Did you see it? Last weekend there was an Annular Eclipse over part of the United States. An eclipse happens when the moon passes between the earth and the sun, causing the light from the sun to be blocked from our view. This eclipse was not a total solar one; the moon was not “large” enough to fully block out the sun (it depends on where it is in its orbit, nearer or farther from us).
I love eclipses! However, I was so tired on Sunday I didn’t want to go downstairs to look. We didn’t have anything to view it with, like welder’s glass or a pinhole camera, so my husband was poking a hole in a piece of paper and trying to project the image onto the ground. It wasn’t working.
As I sat at my computer desk, I suddenly noticed a bright line against the file cabinet beside me - what a fluke! My window blinds have small circles where the cord runs through them. I was getting the solar show projected right inside my own apartment! When I walked into each room, I could see it on the walls, floor, and even the bed.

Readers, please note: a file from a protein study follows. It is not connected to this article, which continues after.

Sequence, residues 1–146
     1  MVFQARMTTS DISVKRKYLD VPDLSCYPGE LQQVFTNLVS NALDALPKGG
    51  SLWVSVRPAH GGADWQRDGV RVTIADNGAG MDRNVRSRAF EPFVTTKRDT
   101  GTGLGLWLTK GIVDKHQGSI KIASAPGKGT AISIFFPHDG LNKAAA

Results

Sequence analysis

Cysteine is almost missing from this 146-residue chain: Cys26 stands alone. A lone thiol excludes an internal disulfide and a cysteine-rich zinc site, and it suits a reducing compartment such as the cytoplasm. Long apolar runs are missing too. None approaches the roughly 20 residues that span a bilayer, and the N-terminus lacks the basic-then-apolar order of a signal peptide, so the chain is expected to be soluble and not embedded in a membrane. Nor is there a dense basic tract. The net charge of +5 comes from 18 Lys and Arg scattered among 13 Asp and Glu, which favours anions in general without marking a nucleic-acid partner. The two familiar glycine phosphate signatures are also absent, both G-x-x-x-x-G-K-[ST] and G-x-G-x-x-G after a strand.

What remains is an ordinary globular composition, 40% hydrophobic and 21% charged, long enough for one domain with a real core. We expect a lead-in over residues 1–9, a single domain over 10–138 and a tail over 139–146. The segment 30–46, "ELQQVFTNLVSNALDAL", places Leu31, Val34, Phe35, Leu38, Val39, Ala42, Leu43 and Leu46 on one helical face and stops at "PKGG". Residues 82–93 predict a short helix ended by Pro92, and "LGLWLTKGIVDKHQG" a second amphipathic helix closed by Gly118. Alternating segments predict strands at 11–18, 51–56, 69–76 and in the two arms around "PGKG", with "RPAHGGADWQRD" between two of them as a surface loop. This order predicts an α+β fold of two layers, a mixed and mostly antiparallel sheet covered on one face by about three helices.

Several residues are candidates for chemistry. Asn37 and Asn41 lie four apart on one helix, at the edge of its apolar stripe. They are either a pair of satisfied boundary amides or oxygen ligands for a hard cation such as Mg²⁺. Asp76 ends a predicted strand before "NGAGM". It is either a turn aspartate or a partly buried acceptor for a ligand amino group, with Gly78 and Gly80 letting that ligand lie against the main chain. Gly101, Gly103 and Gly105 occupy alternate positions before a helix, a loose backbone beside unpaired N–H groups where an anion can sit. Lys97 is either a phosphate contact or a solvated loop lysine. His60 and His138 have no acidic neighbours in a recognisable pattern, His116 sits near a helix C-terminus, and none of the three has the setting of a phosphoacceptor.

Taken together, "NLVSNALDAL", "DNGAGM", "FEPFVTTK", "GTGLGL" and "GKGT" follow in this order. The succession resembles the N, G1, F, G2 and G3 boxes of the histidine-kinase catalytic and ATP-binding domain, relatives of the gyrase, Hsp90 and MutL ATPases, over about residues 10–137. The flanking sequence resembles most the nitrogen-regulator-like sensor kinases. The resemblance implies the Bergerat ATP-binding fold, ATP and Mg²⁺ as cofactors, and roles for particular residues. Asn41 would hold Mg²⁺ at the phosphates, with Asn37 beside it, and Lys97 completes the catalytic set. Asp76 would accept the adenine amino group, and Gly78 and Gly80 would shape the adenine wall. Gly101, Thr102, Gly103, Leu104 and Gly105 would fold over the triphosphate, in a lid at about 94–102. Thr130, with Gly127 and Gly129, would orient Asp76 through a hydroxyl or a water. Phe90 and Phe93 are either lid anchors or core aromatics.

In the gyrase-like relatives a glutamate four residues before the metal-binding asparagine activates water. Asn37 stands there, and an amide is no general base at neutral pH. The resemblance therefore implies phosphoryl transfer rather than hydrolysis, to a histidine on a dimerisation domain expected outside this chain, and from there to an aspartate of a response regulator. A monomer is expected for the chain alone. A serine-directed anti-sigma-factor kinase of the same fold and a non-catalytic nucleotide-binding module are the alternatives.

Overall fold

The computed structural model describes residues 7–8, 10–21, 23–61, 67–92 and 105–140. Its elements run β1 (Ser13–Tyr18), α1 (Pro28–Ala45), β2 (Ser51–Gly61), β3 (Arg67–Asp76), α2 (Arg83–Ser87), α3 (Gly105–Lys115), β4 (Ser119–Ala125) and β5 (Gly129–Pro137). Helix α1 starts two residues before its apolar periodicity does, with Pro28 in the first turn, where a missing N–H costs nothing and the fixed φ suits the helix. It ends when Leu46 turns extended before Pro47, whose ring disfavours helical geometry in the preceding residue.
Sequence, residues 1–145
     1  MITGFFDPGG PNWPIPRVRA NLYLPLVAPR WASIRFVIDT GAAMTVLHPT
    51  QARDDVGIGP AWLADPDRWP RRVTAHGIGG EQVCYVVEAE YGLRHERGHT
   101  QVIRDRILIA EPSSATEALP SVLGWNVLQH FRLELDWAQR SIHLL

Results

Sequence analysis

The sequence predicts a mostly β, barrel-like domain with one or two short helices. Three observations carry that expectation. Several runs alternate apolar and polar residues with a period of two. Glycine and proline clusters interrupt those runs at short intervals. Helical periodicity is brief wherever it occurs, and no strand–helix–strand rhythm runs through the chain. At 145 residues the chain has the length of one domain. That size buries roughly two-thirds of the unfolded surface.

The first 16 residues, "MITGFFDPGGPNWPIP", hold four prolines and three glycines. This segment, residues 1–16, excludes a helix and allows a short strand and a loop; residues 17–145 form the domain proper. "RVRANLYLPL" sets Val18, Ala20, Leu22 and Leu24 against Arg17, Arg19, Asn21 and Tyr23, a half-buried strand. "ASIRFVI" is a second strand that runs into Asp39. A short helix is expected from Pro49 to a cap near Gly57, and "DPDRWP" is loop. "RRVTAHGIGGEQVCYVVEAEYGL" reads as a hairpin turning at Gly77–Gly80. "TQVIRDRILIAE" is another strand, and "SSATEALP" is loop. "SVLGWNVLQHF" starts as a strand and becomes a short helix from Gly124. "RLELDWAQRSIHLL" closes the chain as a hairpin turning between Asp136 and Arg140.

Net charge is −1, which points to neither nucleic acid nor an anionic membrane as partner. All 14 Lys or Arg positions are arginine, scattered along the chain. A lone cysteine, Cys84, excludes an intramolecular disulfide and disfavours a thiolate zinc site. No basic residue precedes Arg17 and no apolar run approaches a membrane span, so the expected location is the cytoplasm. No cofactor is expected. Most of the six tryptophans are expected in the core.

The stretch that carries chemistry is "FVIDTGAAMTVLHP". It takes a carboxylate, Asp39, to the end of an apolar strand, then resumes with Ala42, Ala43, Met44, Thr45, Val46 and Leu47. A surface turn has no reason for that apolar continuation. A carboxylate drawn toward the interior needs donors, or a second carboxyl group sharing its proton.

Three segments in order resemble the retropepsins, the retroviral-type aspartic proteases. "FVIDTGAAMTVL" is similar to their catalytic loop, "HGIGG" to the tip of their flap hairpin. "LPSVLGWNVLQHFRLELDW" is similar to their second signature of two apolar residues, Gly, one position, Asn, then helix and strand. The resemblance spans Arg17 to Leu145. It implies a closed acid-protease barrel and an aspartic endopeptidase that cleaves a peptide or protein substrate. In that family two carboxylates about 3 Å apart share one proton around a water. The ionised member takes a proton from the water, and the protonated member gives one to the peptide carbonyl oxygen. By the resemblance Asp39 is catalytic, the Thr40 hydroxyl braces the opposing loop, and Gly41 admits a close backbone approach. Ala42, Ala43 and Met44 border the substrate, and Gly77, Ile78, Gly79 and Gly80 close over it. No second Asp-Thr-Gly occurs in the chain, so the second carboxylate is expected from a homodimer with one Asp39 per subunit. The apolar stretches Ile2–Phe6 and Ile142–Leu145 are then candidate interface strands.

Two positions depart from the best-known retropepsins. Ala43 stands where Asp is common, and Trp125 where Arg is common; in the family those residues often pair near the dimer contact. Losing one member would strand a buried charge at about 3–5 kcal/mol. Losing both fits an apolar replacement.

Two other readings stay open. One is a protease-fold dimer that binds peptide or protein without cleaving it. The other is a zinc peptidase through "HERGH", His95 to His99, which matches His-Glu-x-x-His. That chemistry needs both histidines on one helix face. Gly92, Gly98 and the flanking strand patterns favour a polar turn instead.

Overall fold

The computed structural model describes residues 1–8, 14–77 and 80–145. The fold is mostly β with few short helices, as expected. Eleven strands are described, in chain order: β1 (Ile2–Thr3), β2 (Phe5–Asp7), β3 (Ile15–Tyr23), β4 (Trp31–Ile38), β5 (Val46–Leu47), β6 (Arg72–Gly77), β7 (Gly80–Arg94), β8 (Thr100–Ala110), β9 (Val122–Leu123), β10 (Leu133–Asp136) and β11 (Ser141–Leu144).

|A line of 'eclipses' projected on my file cabinet.|
I’ve seen a total solar eclipse. In 1991 my grandfather, who was an astro-photographer and liked to chase comets and eclipses all over the globe, took his wife and me to Cabo San Lucas, Mexico. I’ll never forget how eerie it felt when the light began to fade, shadows began to lengthen, and the birds stopped singing. At totality, when it’s safe to look with the naked eye, you look up and see the most incredible sight. I can understand why primitive peoples would be fearful and think it was the end of their world.
What amazes me is that modern science is able to predict eclipses. We’ve gone from being cavemen terrified by a sudden unexpected celestial event to having the knowledge and technology to be able to predict eclipses for thousands of years into the future - and have it measured down to milliseconds.
|A very long line of 'eclipses' projected on a jacket |
and bags hanging in our living room.
It makes me think about how far we have come with medical science as well, even in just the last ten years. It gives me real hope that research being done on chronic pain will yield even better treatments, medications, and solutions in our lifetime.
We have passed through the darkest part of the chronic pain eclipse and are moving past the shadow into the light leading to the future!